Vinzenz Bammer

What did you study, when, where and most importantly: why?

As I have always been interested in fish since I was a small boy and often went fishing with my father, I had worked in a fish hatchery after highschool. After that  I decided to study fishery biology  and water ecology at the university of Vienna and finished in 2010. I specialised on the Danubian fish fauna with special regards to benthic species as well as to alien species.  During my studies I had the chance to take part in one of the first Danube river restoration projects in the area of the Donau-Auen National Park and was deeply impressed by the species richness and the sensitive eco system.

What will your role be on board of the JDS3 ships?

Together with my international fish team, I will be responsible for fish sampling along the entire Danube River. For this we will use electrofishing at day and night in the litoral zone near the shore but also near the river bottom, using a special trawling net. These methods allow us to catch fish without harming them. All fish will be determined to species level, measured and afterwards released.

Why is this important? What can we learn?

According the EU water frame work directive, the waters of all member states must be in a good ecological status within a certain time lapse. As it turned out, fish are ideal indicators for river degradation and can be used for assessing the ecological status of a certain river stretch. This status, expressed by a special fish index will be compared to the JDS2 fish results on the one hand, on the other hand to the JDS3 results of the other scientific groups. This will give a good impression of the current status of the fish fauna of Danube River and maybe a trend can be detected. This is one basis for the Danube River Management plan, but also for other international strategies (e.g.. sturgeon strategy). Due to multiple anthropogenic pressures like damming, excessive use of hydropower or diverse harming from agricultural exploitation, our rivers suffer from heavy disturbances and degradation which e.g. cause species poorness and a decline in fish biomass or abundance.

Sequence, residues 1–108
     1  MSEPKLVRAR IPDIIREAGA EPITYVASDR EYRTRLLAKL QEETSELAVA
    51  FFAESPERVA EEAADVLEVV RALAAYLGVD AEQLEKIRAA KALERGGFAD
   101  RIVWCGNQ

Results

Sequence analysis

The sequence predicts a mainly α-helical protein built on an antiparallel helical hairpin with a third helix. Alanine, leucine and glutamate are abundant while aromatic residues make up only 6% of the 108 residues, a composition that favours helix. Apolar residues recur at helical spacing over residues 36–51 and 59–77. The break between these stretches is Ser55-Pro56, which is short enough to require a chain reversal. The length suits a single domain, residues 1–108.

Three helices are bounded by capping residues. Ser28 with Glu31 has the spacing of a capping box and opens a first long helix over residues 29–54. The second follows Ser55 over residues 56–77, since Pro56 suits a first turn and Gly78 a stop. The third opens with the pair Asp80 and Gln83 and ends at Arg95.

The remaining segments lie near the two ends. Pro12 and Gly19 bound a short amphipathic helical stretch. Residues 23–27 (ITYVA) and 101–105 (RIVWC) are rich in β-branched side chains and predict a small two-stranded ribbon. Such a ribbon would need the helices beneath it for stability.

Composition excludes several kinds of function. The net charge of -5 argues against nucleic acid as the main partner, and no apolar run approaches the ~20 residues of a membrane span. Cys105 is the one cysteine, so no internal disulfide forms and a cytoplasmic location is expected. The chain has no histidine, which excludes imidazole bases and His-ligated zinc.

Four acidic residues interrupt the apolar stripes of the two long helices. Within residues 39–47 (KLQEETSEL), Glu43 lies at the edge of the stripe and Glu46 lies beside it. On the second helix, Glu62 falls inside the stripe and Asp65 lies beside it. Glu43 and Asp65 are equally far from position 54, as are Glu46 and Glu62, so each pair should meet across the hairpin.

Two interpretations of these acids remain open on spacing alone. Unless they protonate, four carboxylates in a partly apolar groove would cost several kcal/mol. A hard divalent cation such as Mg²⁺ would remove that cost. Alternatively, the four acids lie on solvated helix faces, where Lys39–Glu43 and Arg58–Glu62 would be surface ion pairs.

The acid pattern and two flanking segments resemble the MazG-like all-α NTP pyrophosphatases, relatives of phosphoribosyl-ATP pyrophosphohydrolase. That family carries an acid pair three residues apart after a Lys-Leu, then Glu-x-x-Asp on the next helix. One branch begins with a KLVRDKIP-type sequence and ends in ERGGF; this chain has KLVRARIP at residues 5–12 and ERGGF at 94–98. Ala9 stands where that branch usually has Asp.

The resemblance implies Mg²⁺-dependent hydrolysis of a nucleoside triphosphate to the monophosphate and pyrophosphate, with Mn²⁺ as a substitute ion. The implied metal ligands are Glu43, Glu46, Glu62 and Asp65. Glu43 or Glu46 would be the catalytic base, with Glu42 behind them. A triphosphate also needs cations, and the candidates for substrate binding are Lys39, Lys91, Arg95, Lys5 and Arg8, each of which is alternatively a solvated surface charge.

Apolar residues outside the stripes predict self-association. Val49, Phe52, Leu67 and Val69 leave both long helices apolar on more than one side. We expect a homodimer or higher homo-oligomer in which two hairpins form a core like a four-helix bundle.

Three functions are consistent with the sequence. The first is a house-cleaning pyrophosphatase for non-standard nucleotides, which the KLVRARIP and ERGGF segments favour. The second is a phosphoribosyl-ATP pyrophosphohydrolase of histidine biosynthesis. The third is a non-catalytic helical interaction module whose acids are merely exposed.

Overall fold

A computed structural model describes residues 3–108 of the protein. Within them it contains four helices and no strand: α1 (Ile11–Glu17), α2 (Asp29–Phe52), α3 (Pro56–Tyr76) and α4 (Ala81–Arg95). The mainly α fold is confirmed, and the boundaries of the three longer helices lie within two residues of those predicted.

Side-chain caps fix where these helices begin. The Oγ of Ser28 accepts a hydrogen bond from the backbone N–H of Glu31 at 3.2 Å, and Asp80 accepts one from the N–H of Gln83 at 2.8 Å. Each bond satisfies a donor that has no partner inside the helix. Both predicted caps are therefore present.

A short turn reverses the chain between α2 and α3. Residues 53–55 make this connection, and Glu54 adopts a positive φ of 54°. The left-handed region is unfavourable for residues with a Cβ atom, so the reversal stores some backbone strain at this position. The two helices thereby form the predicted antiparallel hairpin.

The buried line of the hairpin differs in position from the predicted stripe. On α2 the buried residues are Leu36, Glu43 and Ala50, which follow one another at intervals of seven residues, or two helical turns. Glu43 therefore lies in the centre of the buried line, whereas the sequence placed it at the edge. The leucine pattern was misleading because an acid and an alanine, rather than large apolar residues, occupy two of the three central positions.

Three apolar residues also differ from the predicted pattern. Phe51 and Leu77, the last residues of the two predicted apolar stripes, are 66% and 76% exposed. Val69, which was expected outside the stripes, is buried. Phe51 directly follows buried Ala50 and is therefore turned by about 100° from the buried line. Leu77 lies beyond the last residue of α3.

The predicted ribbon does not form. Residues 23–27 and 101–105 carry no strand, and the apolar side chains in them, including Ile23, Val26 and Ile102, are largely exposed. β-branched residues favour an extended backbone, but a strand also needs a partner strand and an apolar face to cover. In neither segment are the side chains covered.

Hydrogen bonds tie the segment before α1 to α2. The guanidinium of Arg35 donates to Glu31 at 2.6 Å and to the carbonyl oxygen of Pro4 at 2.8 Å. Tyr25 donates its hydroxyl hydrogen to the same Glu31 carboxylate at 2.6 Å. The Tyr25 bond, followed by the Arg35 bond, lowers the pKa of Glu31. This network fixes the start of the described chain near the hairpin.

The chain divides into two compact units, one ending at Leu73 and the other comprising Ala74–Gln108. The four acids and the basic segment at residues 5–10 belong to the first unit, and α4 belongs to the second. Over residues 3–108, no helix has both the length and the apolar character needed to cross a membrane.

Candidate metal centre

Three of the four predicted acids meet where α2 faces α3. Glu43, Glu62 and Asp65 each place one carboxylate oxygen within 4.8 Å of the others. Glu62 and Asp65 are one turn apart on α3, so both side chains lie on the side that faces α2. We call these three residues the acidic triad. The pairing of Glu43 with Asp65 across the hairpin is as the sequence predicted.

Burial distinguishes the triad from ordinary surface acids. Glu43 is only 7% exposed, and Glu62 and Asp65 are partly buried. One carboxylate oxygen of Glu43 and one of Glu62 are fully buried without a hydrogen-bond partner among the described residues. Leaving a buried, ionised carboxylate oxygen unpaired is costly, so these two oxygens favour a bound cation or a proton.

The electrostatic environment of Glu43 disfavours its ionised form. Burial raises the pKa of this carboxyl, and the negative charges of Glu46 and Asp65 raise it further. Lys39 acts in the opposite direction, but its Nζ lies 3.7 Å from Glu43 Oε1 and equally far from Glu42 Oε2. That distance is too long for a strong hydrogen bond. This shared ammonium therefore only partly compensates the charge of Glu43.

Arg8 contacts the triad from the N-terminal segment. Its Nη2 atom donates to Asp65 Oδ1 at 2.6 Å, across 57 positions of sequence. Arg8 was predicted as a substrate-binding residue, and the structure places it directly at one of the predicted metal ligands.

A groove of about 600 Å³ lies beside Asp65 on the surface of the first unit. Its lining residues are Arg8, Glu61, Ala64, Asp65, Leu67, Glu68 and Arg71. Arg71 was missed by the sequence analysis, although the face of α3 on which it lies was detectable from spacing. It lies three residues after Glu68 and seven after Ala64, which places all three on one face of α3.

For stretches that show such an impact, restoration measures are necessary to achieve and preserve the ecological status for the future generations.

What is an important gain from JDS3 specifically for your country of origin?

The JDS3 fish data will be important for our national water management plan in order to achieve the goals set by the EU water framework directive. The results will also have influence on future fish sampling methods on large rivers and should also provide a better understanding on the ecology of the Danubian fish fauna. Beyond that JDS3 is a fabulous opportunity to raise public awareness for fish as well as for the importance of running waters in general.
The data will also be important for the Austrian national water management plan, which has to be revised until the end of 2014.

What are you looking forward to regarding the JDS3?

I am especially looking forward to exploring the Danube Delta, which I have not seen yet and of course to catching rare species like sturgeons or extraordinary large specimens. Also the cooperation with international colleagues will be interesting and the exchange of experience and know-how will be exciting.

Anything else? Something important you think should be mentioned on your profile?

All I all the, I suppose that the Joint Danube Survey 3 will be a unique experience in my life and I am sure, that I will take home lots of great impressions from this cruise.